It is not science and technology that threaten us, but the very human nature that Kass believes he is defending. For example, the Nazi death camps certainly used technology to make murder more efficient, but the will to kill had nothing to do with science and technology. That evil impulse arose from age-old tribalistic and atavistic aspects of human nature.
History is replete with leaders of tribes and nations who were pathological murderers of millions of people. One lesson is that it doesn't take high tech to kill millions of people. Evil people will use whatever technology is available to attain power and kill their "enemies." So we need to find ways to keep evil people in check, rather than rein in the advance of science and technology. Fortunately, one such political technology for curbing psychopathic leaders is at hand and is spreading—liberal democracy. While not perfectly peaceful, liberal democracies are much less interested in murdering their citizens or the citizens of other countries than are authoritarian and totalitarian regimes.
Kass acknowledges that science and technology have improved human life, but tells Wolfson:
I have to say that I'm pessimistic. I think growing up in the United States in the post-World War II era was as good a time as one could wish for–we got all those things that were in the 1939 World's Fair: washing machines, dishwashers, products to relieve the arduous toil of everyday life. Yet all those things haven't made anybody happier. We're not grateful for those devices. You could not today put on a World's Fair and arouse intense longings for a future we don't know. We simply couldn't do it, because there are no more deep unfulfilled human wishes for which technology of the future is going to provide the answer. Yes, we'd like a cure for cancer, and prevention of Alzheimer's disease. But in terms of how we live, we already have more than what we need to live well.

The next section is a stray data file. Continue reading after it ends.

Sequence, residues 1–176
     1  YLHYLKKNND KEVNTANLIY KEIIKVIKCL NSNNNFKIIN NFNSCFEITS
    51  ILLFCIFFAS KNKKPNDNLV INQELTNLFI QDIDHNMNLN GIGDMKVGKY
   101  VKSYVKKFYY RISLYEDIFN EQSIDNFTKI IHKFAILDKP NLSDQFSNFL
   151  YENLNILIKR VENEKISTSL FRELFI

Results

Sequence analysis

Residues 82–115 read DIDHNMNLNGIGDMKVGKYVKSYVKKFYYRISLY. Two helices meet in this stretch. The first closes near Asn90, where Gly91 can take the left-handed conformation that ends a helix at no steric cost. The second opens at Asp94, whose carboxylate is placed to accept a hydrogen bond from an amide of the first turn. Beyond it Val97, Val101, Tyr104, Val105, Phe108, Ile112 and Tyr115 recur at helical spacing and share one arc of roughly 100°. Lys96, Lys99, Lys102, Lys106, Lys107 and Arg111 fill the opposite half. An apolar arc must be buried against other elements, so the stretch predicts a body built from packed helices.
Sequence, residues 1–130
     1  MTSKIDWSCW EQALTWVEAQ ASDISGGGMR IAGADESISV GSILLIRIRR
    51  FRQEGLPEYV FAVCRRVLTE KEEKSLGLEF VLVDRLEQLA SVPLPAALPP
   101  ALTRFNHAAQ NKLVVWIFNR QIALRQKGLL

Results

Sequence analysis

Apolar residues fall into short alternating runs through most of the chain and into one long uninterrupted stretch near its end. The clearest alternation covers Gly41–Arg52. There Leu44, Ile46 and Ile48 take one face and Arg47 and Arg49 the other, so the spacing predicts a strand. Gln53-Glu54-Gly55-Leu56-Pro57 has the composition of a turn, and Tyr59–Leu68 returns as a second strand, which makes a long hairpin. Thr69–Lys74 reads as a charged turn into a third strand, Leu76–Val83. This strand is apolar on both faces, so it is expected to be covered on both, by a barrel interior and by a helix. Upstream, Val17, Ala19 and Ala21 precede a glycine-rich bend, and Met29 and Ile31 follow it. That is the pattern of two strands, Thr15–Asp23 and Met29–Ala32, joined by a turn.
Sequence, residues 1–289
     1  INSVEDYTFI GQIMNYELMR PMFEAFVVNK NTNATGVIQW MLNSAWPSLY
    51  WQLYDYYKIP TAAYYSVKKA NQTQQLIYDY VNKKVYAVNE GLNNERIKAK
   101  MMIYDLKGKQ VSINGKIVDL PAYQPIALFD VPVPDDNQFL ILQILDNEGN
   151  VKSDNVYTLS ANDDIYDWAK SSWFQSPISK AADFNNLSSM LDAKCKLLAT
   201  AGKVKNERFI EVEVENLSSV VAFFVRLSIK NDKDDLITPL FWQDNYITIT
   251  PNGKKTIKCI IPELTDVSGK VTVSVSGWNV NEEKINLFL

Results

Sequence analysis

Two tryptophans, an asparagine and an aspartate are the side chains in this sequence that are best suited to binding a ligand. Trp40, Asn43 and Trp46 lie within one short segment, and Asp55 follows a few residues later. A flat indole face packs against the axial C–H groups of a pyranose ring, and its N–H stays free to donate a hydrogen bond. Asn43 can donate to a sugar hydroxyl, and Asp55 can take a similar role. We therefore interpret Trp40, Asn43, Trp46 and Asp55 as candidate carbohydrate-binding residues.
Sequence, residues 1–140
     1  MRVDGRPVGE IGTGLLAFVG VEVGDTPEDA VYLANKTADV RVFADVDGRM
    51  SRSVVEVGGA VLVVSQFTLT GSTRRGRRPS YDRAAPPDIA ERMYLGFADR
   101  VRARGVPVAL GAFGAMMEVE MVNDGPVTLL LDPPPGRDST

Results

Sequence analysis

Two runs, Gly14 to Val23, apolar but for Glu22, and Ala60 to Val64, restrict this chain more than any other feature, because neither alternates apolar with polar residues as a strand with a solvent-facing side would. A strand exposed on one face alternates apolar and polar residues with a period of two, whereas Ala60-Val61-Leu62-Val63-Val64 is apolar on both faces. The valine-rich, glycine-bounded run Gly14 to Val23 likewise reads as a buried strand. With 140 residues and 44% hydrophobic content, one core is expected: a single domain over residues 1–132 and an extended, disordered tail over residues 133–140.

Science and technology have indeed enabled many more people to rise above the natural human condition of abject poverty and thus to live "well." However, Kass evidently believes that we can live no "better" than we do now. Consequently, except for seeing how his grandchildren turn out, Kass, age 67, tells Wolfson, "I myself have no desire or curiosity to see 2020, never mind later . . . ."
As Yogi Berra said, "Prediction is very hard, especially when it's about the future." Kass could be right—the human future might turn out to be a technological horror show. If so, my bet is that it will because of old-fashioned human nature, not because of technological developments. Perhaps Kass would agree that a fitting punishment for me and other proponents of rapid technological progress would be for us to be sentenced to live another century or so that we could eventually see that he was right. Or not.